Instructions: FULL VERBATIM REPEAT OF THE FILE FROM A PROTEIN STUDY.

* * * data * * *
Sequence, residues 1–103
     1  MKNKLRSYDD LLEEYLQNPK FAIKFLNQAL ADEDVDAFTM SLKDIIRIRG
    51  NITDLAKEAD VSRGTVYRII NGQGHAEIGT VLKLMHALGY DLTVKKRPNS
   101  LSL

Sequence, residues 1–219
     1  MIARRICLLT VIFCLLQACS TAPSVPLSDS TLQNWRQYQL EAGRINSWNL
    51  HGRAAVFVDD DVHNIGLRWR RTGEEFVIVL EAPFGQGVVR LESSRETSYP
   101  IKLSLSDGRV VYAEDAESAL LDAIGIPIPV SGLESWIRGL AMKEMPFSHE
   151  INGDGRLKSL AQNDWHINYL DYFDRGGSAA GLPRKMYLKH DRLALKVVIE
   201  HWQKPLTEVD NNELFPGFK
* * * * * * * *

Sequence, residues 1–103
     1  MKNKLRSYDD LLEEYLQNPK FAIKFLNQAL ADEDVDAFTM SLKDIIRIRG
    51  NITDLAKEAD VSRGTVYRII NGQGHAEIGT VLKLMHALGY DLTVKKRPNS
   101  LSL

Sequence, residues 1–219
     1  MIARRICLLT VIFCLLQACS TAPSVPLSDS TLQNWRQYQL EAGRINSWNL
    51  HGRAAVFVDD DVHNIGLRWR RTGEEFVIVL EAPFGQGVVR LESSRETSYP
   101  IKLSLSDGRV VYAEDAESAL LDAIGIPIPV SGLESWIRGL AMKEMPFSHE
   151  INGDGRLKSL AQNDWHINYL DYFDRGGSAA GLPRKMYLKH DRLALKVVIE
   201  HWQKPLTEVD NNELFPGFK